Isle of Man at war over Clarkson's 'Stalag' fence

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The Independent Online

* Jeremy Clarkson has opened a new front in his bid to become Britain's foremost controversialist.

The Top Gear star is involved in a bitter property dispute on the Isle of Man, where he purchased a lighthouse holiday home a few years back.

At issue: a 150-yard stretch of coastal path that runs through Clarkson's 30-acre property, on the picturesque Langness Peninsula.

Before Christmas, Clarkson decided to erect a barbed-wire fence across the path, blocking off a walking route used by generations of locals.

Ramblers are predictably disgruntled, and have formed the action group Prowl (Public Rights of Way-Langness) in an effort to regain access.

With the support of local councillors, the group recently lodged 127 hostile affidavits with the Manx attorney general.

"Our case is now being heard," says a member. "There's nothing personal about our campaign, and we've never brought Clarkson's name into it. In fact, until you called, no one's even identified him as the landowner involved. But we are very upset."

Prowl's internet site contains several anecdotes about the disputed path, including a heart-rending tale of a local prevented from scattering his father's ashes by the "Stalag 19" fence.

The Clarksons, for their part, say the route in question was never formally designated as a footpath.

"It's private land," says Mrs C, when I called. "The fence went up because we had several sheep killed by dogs last year."

* Heather Mills-McCartney is rolling out the big guns in the PR battle over her divorce from Sir Paul.

In response to revelations about her career during the 1980s, the former erotic model has, as tradition dictates, flagged up her charity work.

This week, Lady McCartney published no less than seven endorsements from "good causes" on her personal internet site.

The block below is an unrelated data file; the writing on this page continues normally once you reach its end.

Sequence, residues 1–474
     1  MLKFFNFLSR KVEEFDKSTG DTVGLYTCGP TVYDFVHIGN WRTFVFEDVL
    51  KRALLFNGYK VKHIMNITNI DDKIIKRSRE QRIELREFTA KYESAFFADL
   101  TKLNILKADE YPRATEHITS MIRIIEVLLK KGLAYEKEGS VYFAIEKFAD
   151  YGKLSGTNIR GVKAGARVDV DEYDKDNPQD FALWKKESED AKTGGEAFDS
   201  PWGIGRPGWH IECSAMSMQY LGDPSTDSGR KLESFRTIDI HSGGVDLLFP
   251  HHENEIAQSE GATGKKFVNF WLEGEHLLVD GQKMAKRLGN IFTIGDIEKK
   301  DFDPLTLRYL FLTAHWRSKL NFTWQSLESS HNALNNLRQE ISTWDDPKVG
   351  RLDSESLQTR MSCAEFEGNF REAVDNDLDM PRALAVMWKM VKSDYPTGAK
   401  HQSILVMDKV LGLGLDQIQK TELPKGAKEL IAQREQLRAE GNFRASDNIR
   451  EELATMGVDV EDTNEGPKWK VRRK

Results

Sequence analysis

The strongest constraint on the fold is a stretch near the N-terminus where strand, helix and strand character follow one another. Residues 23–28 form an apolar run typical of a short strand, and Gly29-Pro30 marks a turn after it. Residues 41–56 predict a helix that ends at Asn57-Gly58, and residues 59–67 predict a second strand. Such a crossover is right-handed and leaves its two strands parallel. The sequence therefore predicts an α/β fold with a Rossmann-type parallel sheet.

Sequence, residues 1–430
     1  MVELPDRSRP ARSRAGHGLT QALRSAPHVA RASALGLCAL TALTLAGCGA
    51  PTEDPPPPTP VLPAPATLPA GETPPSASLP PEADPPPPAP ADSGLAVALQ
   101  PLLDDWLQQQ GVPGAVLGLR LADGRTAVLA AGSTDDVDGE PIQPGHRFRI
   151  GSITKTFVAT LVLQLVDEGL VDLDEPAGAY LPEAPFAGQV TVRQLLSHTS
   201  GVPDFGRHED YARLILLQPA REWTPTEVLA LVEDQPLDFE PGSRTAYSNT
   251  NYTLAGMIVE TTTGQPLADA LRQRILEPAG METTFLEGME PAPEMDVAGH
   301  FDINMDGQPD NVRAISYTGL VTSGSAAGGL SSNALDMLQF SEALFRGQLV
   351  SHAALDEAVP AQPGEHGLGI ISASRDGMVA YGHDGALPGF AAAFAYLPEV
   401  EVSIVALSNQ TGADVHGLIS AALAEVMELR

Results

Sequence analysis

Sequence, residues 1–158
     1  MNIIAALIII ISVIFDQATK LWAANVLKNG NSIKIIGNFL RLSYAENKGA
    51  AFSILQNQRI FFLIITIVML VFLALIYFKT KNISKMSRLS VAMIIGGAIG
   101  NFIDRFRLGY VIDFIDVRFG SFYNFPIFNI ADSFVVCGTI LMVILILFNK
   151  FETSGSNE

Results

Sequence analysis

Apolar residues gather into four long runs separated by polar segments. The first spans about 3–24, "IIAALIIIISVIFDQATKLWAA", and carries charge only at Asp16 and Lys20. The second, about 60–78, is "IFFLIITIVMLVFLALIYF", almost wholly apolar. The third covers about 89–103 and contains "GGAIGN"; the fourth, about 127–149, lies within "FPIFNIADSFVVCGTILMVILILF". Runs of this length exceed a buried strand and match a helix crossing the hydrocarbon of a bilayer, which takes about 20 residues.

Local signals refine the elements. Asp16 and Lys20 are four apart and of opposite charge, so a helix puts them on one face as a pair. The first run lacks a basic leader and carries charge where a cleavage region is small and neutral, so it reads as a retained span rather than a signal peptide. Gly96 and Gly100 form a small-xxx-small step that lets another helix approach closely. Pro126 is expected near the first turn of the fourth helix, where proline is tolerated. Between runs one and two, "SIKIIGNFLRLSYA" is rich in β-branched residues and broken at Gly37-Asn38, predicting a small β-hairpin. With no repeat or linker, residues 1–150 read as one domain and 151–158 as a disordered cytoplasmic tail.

All stress that, whatever she got up to, past misdemeanours must be forgiven and forgotten.

"She enjoys my total confidence," notes one organisation. "I look forward to working with her in the years ahead," says another. "We thank her for her past, present, and future support," goes a third.

Others criticise the "spite" directed at Lady Macca, "a working-class girl made good".

Have they not heard the Shakesperean maxim about protesting too much?

* Oh, to be a fly on the wall at the Cartier International Polo, which boasts Princes William and Harry as guests.

In a break from (stuffy) tradition - last year's event was presided over by the Queen - an erotic dancer called Immodesty Blaize will perform between chukkas. Blaize describes herself as: "a dazzling, dynamite bombshell with natural curves and gravity-defying assets".

"I will wear a burlesque outfit, and dance on an eight-foot rocking horse," she tells me. "I'll obviously do my best to make William and Harry blush."

Shouldn't be too hard. Blaize, speaking at the launch of Britain's Next Top Model, added: "I've just been in Vegas. I can't stand the heat there. My nipple tassles kept falling off from the sweat."

* On Wednesday, six months after resigning as the Liberal Democrats leader, Charles Kennedy got round to holding a leaving do. His frontbench team was invited to drinks at the Foreign Press Association.

"There was a superb turnout, with one exception," says a guest. "Ming Campbell was nowhere to be seen. As a result, we spent the entire evening bitching about his leadership."

Campbell's office denies any snub, saying: "There was a parliamentary party meeting, and Ming had work to do on the extradition treaty. He sent his head of office instead."

Meanwhile, "Chatshow" Charlie was in chipper form. "He's off the booze and was sipping mineral water," I'm told.

* At this troubled time, there is light relief for John Prescott: he's been "hymned" by Barry Cryer. The comedian has composed an eight-verse adaptation of the 1960s country and western hit "Big John," in Prezza's honour. It's called "Big Fat John" and will premiere at next month's Edinburgh Festival, before being released on iTunes. Happily, Pandora has been passed a copy of the lyrics.

A sample verse: "He came from Hull, he was true grit / He was full of hope and he was full of shit / Although we thought his heart was true / We ended up saying 'what the fuck does he do?' / Big John, Big fat John."

There follows a chorus relating to Prezza's mistress, Tracey Temple. Sadly, it's unsuitable for publication in a family newspaper.

pandora@independent.co.uk

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